3 Simple Charts That Explain What Muslims Believe

The Pew Forum recently released a 226-page report exploring opinions and beliefs from Muslim communities around the world. The survey, which was conducted through more than 38,000 face-to-face interviews in more than 80 languages, delves into the Muslim world’s insights on everything from Sharia law to alcohol consumption. The findings were simple: Just as all religions, Islam is subjective in many ways and the few who interpret it in a radical and dangerous way are in no way indicative of the overwhelming majority who don’t.

 

The first finding — and one that intrigues the Western world the most — is that the majority of Muslims want to implement sharia law, but almost no one was in consensus as to what exactly sharia means.

Support for sharia is highest in Afghanistan, where 99% of the people support sharia. The Palestinian territories, Malaysia, Niger, and Pakistan follow Afghanistan, also holding a high preference for sharia law. Central Asia and Europe, on the other hand, rank amongst the lowest for support for sharia.

But, before all the Islamophobes get up in arms about how Sharia law is taking over the world, Pew notes that there is little agreement even within the Muslim world as to what Sharia law actually is. There is a major split, for example, amongst Muslims as to whether or not corporal punishment is acceptable — religiously, legally and socially – for issues such as adultery, divorce, and thievery. And the reason for that is simple. As Wajahat Ali explains in his article,Understanding Sharia Law, Sharia is neither static nor is it easily defined.

It is open to interpretation in terms of serving as a moral compass, and is largely concerned with religious duties such as praying and fasting, and, most importantly, ensures a welfare state. Because of this, he says, “Any observant Muslim would consider him or herself a sharia adherent. It is impossible to find a Muslim who practices any ritual and does not believe himself or herself to be complying with Sharia.”

 

In the end, it is clear that Islam is practiced differently with different cultural contexts throughout the world — a clear indication that, just as with all religions, Islam is subjective and can be interpreted very differently by everyone.

A Tunisian Imam Expelled

Wednesday October 31, French police expelled 77 year-old Tunisian imam suspected of preaching the jihad. Mohamed Hammami, the imam of the Mosque of Omar in central Paris, was charged with making comments openly hostile to the values of the Republic. In a statement to the AFP, Minister of the Interior, Manuel Valls accused Hammami of preaching violent jihad, anti-Semitism and the use of violence and corporal punishment against women including whipping-to-death of women accused of adultery.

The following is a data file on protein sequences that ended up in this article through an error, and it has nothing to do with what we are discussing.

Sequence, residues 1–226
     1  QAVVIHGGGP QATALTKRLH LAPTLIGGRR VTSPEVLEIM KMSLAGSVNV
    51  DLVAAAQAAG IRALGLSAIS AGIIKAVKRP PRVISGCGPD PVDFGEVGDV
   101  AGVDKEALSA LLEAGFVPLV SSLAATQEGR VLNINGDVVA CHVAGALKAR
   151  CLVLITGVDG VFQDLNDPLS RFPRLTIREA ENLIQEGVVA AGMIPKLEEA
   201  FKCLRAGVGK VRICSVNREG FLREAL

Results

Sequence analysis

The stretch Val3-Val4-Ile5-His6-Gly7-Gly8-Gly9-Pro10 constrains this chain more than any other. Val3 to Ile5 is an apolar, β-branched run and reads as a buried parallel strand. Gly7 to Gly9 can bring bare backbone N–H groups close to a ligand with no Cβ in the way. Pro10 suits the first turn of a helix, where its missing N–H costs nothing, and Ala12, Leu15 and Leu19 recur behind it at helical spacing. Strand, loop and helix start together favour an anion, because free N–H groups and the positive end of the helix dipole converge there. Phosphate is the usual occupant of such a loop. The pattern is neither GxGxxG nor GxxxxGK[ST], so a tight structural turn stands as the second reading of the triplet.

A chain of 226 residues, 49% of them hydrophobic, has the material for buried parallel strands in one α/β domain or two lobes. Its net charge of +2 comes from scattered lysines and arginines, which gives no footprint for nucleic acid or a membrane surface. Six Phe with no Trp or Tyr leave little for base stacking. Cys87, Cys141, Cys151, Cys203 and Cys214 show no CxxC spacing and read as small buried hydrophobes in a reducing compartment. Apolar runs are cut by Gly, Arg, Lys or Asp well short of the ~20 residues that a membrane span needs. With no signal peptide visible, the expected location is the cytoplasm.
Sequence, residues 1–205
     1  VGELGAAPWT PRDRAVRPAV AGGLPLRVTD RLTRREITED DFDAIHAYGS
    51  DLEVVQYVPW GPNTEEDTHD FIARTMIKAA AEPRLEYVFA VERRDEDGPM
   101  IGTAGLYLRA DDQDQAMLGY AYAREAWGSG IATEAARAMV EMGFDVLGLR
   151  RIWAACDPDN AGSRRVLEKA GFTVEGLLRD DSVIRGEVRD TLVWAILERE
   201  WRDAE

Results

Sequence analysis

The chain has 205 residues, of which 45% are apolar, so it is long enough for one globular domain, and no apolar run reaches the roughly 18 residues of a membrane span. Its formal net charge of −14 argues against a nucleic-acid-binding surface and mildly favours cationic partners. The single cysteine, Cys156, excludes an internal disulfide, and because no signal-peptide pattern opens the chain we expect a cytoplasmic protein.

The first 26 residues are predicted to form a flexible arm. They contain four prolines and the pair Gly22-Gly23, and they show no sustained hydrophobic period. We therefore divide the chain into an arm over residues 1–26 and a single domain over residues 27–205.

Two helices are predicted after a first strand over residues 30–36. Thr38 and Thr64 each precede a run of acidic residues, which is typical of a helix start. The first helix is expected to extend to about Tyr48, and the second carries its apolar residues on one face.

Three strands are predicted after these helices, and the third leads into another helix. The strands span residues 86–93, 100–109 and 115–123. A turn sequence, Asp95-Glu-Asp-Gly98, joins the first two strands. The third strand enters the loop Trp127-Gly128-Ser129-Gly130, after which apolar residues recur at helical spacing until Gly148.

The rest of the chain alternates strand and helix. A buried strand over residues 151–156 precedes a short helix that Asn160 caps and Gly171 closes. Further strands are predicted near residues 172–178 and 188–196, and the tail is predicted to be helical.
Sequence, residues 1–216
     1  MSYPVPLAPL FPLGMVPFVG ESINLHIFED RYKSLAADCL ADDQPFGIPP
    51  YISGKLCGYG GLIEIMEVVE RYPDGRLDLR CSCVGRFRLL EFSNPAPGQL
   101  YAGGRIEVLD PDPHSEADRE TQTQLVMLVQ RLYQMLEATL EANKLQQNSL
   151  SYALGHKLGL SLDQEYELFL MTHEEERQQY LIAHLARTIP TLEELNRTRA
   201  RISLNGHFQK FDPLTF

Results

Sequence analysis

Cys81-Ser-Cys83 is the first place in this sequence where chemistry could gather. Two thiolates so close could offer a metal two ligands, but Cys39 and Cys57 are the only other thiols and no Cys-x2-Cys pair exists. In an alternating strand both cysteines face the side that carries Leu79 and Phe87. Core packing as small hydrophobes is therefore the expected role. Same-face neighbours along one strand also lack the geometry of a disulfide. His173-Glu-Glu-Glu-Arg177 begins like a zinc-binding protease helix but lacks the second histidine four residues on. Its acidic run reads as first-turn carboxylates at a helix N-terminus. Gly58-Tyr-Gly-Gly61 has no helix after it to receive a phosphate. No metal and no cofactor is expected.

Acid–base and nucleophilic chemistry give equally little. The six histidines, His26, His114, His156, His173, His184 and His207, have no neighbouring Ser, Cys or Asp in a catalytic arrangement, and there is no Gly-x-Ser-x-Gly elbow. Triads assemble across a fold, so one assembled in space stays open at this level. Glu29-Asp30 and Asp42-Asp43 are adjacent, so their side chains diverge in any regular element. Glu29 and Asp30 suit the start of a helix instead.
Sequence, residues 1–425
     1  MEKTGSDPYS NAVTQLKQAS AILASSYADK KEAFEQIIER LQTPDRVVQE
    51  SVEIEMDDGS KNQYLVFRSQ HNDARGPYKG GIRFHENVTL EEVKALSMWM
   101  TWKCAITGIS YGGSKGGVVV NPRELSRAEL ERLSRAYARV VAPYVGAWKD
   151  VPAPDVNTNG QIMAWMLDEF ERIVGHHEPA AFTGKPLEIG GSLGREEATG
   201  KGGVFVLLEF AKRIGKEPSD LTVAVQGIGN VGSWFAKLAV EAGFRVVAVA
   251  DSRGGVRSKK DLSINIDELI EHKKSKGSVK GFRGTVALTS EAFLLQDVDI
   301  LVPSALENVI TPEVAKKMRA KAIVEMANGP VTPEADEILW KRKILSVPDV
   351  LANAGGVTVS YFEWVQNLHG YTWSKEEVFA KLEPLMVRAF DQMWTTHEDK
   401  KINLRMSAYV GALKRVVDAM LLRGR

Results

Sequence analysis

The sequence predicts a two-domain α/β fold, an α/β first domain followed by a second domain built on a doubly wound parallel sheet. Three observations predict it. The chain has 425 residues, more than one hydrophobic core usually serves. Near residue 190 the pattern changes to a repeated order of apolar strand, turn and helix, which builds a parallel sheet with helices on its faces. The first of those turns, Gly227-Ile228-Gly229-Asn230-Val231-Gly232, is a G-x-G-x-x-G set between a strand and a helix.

Allegations of Physical Abuse in Madrassas

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An investigation by BBC Radio 4’s “File on 4” has discovered that Britain’s madrassas faced more than 400 allegations of physical abuse in the last three years. However, only ten of them were dealt with in court, with successful prosecutions in only two cases (as identified by the BBC). While corporal punishment is still legal in part-time education settings in England, including madrassas, if lessons are taught for fewer than 12.5 hours per week, the revelations of both physical and sexual abuse in Britain’s madraddas are alarming and call for more formal regulations of the schools that are attended by more than 250,000 Muslim children every day.  According to the BBC, the cases of abuse reported may only be the tip of the iceberg, as many families are either pressured by their communities not to make a formal complaint or to withdraw complaints if they were made. Mohammad Shahid Raza, chairman of the Mosques and Imams National Advisory Board, considers the figures to be “very alarming and shocking” and said the issue needed to be addressed as a matter of urgency.

Islamist Army Lieutenant Declared a Security Risk

A Swiss army lieutenant has been declared a security risk by the Swiss federal constitutional court and has decided that he should be kept away from all confidential information. Gibril Muhammad Zwicker converted to Islam three years ago and has since become a member of the controversial Central Islamic Council of Switzerland (IZRS).
Zwicker has made a number of comments which have raised eyebrows in the top ranks of the military, ranging from supposed acceptable forms of corporal punishment for women to Islam’s being the only true religion. A conviction for the purchase and consumption of cannabis, for which he was fined 300 Swiss francs, contributed to the decision of department for the oversight of personal security in the field of information and material security (IOS) to recommend that he be suspended from all access to confidential information.
In his defense, Zwicker states that he has done nothing contrary to the military or anything that might put anyone in danger. Moreover, he feels betrayed by the army and his superiors, given that he had always correctly accomplished his duties and followed orders.

Investigation into abuse at Dutch Qur’an schools

Integration Minister Eberhard van der Laan has announced that Dutch health authorities will investigate reports of child abuse during Qur’an lessons in mosques.

The investigation, which had already established that corporal punishment was used in the Hague, will now extend to other cities.

Participation in the investigation is voluntary, as authorities can only intervene in cases of child abuse, Expatica reports. Mosques in Amsterdam and Tilburg have refused to cooperate with the inquiry.